Online discussions around the topic of diversity and inclusion have voiced concerns about how diversity is often seen as a ‘tokenism’ target, attracting and taking on women as an achievable and public-relations-friendly achievement, with less effort into actually ensuring the workplace culture and power dynamics are structured in a way that does not disadvantage women. Diversity is an essential objective, of course, and it is known that due to systemic issues in sexism and other forms of discrimination, initiatives including CodeFirst: Girls and  #WomenInStem, and Ada Lovelace Day can all do incredibly valuable work in engaging talent. That does not mean diversity is sufficient. Retention strategy should be a major consideration by academia and industry.  Equal opportunities should not mean getting a diverse number of candidates to a STEM degree, or graduate programme. It should be about making sure that all those who have the talent, ability and enthusiasm for a field should feel welcome there. It should be about making sure that discrimination of any form, in any environment should be managed swiftly, with a genuine culture that encourages talent to stay. Women should not be promoted into positions where they will fail, or made to feel like an outsider. Initiatives such as mentorship programmes[5], shared parental leave, and a consistent focus on an inclusive culture[6] (reiterated by senior colleagues) are just a few of the ways in which inclusion can be designed into a workplace.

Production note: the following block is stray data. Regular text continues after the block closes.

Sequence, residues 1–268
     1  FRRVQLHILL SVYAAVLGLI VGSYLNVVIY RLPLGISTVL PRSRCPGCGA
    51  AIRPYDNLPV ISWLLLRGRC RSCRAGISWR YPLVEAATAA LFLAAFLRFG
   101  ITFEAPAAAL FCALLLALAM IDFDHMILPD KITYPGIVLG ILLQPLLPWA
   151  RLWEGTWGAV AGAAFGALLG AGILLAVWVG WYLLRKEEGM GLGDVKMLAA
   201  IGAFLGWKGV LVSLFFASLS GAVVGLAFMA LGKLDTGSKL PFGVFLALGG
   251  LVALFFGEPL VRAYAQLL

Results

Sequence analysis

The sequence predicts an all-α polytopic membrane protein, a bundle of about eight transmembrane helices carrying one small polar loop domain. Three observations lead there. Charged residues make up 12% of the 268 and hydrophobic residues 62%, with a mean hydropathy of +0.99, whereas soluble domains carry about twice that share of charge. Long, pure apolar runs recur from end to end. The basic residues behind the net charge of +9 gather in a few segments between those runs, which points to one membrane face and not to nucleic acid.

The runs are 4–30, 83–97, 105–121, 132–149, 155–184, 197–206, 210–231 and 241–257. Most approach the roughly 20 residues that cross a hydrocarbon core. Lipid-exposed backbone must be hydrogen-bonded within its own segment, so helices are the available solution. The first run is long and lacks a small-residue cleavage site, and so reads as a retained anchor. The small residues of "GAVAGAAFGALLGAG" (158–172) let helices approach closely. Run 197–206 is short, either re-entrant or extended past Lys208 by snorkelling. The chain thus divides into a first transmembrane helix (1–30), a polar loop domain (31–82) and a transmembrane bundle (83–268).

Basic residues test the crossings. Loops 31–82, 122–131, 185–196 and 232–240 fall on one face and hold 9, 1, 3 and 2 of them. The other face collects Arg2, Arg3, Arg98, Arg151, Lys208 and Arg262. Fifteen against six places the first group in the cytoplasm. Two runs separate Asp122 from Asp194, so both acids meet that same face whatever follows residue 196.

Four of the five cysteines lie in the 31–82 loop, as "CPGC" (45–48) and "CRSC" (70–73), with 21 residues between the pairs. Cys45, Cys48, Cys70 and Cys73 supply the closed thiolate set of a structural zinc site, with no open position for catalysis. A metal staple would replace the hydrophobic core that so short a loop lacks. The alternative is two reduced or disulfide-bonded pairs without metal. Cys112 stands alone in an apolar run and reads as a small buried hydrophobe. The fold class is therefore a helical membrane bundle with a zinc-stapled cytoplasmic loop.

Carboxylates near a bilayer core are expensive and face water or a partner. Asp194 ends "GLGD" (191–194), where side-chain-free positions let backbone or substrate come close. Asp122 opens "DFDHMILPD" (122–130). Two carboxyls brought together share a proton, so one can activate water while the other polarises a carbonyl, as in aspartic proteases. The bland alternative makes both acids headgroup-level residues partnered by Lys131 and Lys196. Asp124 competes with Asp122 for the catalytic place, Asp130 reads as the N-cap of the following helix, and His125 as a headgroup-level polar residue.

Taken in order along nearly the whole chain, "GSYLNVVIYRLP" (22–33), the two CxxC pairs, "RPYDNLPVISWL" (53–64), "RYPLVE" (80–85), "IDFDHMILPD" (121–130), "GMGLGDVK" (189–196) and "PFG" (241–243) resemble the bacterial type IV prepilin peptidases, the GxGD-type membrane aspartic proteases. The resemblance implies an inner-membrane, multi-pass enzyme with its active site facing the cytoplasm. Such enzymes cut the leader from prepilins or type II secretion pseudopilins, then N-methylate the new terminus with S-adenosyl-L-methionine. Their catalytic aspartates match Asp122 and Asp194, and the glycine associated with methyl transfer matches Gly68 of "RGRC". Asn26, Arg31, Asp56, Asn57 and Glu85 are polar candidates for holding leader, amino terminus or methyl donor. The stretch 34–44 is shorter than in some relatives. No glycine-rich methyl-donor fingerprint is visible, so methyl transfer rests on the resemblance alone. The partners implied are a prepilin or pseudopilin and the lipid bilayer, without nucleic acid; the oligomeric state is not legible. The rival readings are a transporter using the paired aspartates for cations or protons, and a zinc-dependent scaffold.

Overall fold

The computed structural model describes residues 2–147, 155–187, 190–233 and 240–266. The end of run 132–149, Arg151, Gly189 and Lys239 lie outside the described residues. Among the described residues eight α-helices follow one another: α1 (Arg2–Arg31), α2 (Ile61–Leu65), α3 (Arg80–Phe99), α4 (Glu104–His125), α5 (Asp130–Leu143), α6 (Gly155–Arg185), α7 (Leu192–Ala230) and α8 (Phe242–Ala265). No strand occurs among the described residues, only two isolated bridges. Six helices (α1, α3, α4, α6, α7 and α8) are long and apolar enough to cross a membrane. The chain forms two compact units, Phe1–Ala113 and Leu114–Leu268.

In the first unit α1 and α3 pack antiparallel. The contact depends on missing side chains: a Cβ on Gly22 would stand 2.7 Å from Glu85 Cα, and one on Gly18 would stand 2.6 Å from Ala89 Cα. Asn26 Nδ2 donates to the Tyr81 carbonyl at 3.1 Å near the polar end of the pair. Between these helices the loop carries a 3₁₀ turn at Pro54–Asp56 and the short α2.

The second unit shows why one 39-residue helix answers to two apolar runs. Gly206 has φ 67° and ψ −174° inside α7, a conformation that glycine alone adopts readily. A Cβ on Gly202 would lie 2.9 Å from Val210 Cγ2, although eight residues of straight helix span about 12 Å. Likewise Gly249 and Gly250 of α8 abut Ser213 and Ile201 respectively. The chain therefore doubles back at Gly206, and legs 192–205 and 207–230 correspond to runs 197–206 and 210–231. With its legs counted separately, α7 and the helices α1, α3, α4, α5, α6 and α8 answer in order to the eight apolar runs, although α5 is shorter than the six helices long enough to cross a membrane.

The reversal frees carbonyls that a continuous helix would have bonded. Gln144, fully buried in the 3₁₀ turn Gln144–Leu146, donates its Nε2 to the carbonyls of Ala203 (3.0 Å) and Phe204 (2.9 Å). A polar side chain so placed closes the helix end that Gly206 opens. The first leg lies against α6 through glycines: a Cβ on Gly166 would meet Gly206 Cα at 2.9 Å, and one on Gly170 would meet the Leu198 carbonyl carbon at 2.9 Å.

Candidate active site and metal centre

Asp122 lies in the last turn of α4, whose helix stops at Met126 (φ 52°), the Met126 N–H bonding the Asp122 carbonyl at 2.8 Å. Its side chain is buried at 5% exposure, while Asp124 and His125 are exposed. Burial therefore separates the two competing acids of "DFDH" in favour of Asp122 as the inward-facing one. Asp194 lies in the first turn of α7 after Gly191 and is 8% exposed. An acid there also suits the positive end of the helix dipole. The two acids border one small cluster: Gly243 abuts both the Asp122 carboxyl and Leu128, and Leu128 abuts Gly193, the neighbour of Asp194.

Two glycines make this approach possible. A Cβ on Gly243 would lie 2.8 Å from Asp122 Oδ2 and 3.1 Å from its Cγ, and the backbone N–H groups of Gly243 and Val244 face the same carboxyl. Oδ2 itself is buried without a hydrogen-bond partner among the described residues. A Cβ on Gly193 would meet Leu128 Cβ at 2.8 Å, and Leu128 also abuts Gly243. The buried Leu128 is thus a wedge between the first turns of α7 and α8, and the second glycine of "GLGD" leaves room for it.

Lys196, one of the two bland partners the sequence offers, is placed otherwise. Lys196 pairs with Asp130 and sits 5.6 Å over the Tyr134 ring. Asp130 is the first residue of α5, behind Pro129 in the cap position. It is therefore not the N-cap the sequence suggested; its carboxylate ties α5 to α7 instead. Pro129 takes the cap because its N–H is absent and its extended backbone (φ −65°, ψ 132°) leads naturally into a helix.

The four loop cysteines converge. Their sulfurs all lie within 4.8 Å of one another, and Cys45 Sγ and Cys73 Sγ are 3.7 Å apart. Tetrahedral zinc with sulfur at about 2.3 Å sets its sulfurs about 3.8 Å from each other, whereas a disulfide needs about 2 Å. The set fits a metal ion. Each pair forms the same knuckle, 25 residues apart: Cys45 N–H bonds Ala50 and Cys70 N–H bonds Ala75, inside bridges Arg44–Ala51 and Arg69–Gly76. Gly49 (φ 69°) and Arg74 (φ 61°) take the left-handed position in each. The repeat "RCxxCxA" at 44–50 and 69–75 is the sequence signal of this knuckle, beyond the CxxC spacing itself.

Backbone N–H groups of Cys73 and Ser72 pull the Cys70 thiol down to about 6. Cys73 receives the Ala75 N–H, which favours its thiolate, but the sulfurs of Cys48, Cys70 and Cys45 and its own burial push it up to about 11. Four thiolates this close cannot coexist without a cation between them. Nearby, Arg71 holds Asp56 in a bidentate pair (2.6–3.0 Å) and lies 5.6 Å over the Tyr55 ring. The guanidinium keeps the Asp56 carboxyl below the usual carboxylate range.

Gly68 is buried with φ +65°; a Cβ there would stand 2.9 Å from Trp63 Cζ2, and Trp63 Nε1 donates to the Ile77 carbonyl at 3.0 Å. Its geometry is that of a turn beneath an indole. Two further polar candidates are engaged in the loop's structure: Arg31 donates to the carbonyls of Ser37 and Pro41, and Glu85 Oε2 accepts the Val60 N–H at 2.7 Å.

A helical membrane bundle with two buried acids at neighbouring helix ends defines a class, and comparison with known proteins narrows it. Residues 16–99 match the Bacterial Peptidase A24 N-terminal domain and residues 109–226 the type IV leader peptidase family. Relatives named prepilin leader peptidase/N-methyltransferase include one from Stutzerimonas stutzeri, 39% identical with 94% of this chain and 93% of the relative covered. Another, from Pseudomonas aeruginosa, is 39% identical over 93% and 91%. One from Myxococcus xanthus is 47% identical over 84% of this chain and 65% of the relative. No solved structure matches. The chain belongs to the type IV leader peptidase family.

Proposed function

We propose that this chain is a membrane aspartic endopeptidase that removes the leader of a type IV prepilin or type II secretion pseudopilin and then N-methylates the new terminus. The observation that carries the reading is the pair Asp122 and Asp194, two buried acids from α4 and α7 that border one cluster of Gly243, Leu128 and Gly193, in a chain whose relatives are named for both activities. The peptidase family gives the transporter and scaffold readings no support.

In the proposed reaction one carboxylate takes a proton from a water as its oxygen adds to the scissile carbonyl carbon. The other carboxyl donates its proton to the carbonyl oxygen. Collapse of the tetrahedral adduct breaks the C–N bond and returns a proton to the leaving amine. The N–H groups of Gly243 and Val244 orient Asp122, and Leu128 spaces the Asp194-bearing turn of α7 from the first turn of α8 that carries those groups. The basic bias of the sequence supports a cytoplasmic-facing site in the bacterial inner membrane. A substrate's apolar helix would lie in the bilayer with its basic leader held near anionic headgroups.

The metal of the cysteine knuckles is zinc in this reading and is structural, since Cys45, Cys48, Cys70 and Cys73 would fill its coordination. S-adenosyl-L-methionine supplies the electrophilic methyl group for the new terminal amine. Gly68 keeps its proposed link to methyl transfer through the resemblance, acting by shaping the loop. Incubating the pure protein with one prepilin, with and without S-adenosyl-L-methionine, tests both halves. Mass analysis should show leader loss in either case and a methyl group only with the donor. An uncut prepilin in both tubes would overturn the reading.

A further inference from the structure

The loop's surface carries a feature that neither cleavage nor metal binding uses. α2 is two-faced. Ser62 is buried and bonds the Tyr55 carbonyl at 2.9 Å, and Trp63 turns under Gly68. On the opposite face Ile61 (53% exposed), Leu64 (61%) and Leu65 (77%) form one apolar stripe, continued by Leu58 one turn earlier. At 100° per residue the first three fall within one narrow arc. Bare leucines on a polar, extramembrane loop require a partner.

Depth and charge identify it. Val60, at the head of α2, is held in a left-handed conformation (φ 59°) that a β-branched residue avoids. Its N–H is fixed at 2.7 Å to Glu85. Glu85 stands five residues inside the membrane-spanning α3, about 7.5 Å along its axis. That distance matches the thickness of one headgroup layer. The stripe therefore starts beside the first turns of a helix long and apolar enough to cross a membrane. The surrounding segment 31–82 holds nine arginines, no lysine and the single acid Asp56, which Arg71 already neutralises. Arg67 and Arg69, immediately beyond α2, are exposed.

This same argument – and proposal – may be made when speaking about any minority group, whether that is gender, ethnicity, class, sexual orientation, access needs – the list goes on. By showing that an environment is more than the physical presence of diversity, we can highlight the value of inclusion and draw attention to the sustainability of diversity as a women’s (or any minority’s) career progresses. Our research, work environments, and wellbeing will all be richer as a result.

[1] Huang, J., Gates, A.J., Sinatra, R. and Barabási, A.L., 2020. Historical comparison of gender inequality in scientific careers across countries and disciplines. Proceedings of the National Academy of Sciences. Available at:

[2] ISC2 White Paper, (2018). Innovation Through Inclusion: The Multicultural Cybersecurity Workforce. [online] Available at:

[3] Peacock, D. and Irons, A., 2017. Gender inequality in cybersecurity: Exploring the gender gap in opportunities and progression. International Journal of Gender, Science and Technology, 9(1), pp.25-44.

[4] Reducing the Gender Disparity in Cyber Security. Available at:

[5] CSO Online: Women in security: Cultures, incentives that promote retention. Available at:

[6] DarkReading: Best Practices for Recruiting & Retaining Women in Security. Available at:

Amy Ertan, PhD student